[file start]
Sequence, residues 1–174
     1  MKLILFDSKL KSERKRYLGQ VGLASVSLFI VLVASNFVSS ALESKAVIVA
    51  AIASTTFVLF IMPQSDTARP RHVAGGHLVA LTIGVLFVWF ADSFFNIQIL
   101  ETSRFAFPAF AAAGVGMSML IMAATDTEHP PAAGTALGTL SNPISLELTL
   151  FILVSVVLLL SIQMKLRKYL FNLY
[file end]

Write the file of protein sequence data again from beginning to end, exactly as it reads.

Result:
Sequence, residues 1–174
     1  MKLILFDSKL KSERKRYLGQ VGLASVSLFI VLVASNFVSS ALESKAVIVA
    51  AIASTTFVLF IMPQSDTARP RHVAGGHLVA LTIGVLFVWF ADSFFNIQIL
   101  ETSRFAFPAF AAAGVGMSML IMAATDTEHP PAAGTALGTL SNPISLELTL
   151  FILVSVVLLL SIQMKLRKYL FNLY